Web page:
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Global warming threatens both the yield and survival of crucial crops. By understanding how extreme heat impacts plant genetics, researchers aim to breed in more resilience.
On hot summer days, the lucky ones among us can rely on air conditioning, fans or maybe even a swim to cope with high temperatures.
But the next time you reach for the AC remote, spare a thought for other lifeforms experiencing extreme heat, but can’t do anything to get away from it – like plants – because we all have a warmer future in store.
The Intergovernmental Panel for Climate Change (IPCC) predicts we will see a 3.7°C increase in average global temperature by the end of this century (plus or minus 1.1°C) and we have already experienced a 1°C rise since 1880.
A team from the University of Melbourne is studying what makes some plants more able to cope with extreme heat, with the aim of developing new plant varieties that are resilient to heat stress.
“When we consider that we get most of our food, fibre and shelter from plants, it’s clear that helping them adapt to increasing temperatures is vital,” says Professor Prem Bhalla from the Faculty of Veterinary and Agricultural Sciences.
“We know that increased temperature during particular stages of plant growth negatively affects plant development, and that this can lead to a loss in crop productivity and yield,” says Professor Bhalla.
“But to help plants adapt to higher temperatures, we need to go right back to the start, to understand which genes are involved in the first stages of both positive and negative responses to extreme heat.”
The research team, that also includes PhD candidate Neeta Lohani and Professor Mohan Singh studied the effect of extreme heat on canola, Australia’s third largest broadacre (large-scale) crop and one of significant economic importance. About 25 per cent of Australia’s canola oil is exported .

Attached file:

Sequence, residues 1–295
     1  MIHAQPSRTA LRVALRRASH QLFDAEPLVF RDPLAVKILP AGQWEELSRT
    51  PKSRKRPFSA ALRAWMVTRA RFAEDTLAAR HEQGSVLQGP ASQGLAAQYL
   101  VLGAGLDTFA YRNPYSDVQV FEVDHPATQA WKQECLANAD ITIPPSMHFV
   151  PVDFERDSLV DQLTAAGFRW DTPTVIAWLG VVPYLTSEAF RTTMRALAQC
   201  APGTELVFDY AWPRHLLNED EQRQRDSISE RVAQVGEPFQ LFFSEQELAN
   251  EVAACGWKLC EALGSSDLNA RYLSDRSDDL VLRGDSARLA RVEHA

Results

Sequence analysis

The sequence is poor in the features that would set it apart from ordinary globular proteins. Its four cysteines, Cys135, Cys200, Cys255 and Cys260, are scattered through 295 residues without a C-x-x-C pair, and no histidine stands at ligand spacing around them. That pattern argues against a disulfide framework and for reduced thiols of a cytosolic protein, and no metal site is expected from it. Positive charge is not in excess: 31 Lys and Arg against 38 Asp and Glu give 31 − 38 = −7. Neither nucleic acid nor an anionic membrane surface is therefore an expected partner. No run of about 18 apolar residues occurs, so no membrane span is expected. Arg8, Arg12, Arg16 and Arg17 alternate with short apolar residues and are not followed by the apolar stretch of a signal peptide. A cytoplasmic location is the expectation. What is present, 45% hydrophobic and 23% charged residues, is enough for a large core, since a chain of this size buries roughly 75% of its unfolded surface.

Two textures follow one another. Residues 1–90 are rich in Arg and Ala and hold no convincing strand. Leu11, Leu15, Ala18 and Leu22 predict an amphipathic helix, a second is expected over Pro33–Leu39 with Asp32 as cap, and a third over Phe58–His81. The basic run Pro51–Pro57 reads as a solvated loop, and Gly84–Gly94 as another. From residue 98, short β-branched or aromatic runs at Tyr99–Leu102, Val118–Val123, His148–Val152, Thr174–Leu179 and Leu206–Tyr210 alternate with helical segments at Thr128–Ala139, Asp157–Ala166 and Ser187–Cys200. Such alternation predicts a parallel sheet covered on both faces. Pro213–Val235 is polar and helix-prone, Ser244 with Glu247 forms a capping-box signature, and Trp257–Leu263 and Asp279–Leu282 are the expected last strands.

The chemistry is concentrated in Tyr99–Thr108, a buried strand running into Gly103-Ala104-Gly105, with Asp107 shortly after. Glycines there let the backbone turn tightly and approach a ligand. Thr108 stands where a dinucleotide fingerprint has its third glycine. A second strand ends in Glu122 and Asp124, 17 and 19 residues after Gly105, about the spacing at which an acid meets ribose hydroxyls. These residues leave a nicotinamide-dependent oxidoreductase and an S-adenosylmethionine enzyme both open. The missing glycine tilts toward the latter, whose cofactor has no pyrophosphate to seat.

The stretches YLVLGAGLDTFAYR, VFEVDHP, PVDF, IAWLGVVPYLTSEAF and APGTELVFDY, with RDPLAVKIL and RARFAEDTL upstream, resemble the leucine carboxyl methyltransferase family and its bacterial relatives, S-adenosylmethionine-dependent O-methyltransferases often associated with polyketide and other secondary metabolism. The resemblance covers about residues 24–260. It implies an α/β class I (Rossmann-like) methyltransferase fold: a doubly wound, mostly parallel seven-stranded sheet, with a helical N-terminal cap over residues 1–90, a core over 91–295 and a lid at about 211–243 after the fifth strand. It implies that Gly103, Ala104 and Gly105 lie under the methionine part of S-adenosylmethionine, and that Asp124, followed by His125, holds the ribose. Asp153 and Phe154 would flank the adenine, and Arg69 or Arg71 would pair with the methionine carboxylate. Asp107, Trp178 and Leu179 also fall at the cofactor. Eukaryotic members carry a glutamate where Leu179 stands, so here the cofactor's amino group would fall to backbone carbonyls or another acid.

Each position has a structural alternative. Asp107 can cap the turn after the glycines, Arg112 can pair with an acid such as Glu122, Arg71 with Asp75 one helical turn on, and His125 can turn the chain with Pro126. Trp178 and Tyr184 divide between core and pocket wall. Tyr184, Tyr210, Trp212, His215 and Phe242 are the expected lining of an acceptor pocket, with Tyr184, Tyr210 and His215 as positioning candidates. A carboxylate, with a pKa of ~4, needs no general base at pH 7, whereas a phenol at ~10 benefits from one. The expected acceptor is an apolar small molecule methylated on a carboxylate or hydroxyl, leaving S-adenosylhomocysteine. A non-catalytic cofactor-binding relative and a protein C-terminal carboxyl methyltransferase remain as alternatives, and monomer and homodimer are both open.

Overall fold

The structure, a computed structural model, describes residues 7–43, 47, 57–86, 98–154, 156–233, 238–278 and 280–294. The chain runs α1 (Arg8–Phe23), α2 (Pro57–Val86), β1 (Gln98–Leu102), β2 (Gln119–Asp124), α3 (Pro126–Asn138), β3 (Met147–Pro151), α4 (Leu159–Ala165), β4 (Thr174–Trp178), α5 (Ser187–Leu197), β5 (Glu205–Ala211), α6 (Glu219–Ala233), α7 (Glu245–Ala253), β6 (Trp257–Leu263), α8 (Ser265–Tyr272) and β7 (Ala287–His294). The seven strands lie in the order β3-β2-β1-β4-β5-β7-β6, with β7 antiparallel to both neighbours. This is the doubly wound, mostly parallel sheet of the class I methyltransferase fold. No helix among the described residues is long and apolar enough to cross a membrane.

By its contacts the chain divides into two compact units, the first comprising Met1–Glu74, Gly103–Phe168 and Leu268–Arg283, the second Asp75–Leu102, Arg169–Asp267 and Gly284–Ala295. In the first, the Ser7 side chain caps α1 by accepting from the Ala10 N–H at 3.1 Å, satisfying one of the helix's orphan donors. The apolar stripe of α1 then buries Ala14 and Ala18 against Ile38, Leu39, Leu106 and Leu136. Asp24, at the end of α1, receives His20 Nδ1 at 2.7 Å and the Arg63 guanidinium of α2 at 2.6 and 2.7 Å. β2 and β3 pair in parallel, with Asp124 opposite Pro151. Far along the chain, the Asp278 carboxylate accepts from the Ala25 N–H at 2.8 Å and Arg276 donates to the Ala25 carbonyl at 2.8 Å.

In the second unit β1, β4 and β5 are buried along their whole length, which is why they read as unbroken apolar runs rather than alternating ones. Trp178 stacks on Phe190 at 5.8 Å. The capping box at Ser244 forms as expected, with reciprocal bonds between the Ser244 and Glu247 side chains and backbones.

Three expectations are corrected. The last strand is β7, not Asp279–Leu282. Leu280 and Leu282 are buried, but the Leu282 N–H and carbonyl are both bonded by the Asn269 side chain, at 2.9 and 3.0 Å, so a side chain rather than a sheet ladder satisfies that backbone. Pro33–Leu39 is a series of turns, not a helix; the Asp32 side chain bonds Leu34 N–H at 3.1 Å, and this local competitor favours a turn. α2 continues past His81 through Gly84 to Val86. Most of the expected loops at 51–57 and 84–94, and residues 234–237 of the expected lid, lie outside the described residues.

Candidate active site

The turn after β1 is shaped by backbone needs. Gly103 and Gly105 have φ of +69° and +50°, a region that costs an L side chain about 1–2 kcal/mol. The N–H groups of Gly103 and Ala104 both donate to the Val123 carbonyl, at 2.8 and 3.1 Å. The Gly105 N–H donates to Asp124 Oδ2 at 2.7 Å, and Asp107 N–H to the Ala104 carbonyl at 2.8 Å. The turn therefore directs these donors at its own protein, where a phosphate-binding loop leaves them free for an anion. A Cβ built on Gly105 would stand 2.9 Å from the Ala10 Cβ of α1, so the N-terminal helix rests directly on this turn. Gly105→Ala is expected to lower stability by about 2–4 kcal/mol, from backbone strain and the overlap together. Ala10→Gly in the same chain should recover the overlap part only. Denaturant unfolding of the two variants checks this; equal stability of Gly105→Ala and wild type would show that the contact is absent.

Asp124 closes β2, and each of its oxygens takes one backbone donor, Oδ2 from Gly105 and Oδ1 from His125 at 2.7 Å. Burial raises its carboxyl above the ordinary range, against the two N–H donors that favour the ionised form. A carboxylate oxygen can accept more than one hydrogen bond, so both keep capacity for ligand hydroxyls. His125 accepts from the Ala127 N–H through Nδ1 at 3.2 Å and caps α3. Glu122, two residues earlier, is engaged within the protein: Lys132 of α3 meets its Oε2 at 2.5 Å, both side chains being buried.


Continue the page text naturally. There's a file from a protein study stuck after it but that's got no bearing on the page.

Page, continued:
“Known as rapeseed in the US, the the rising demand for canola oil for human consumption, industrial uses and bio-diesel production has led to a continuous expansion of its cultivation to drier regions, further increasing exposure to unfavourable weather events,” Professor Bhalla says.
“Previous research has shown that the critical temperature for canola growth in field conditions ranges between 27 to 30°C,” she says.
“High temperatures of above 32°C have been shown to particularly affect plant sexual reproduction.”
During this type of reproduction, pollen is carried by insects or blown by the wind from one flower to another in a process called pollination. The pollen reaches a flower and produces a tube that transports sperm to the ovary, fertilising the egg cells (ovules) and ultimately resulting in seeds.
Extreme heat at the time of flowering can seriously reduce plant fertility by impairing pollen development and reducing the receptivity of stigma – the female part through which the pollen tube penetrates and transfers the sperm for fertilisation and seed set.
The reduction in seed yield is a significant issue for canola croppers as the oil is extracted from mature seeds.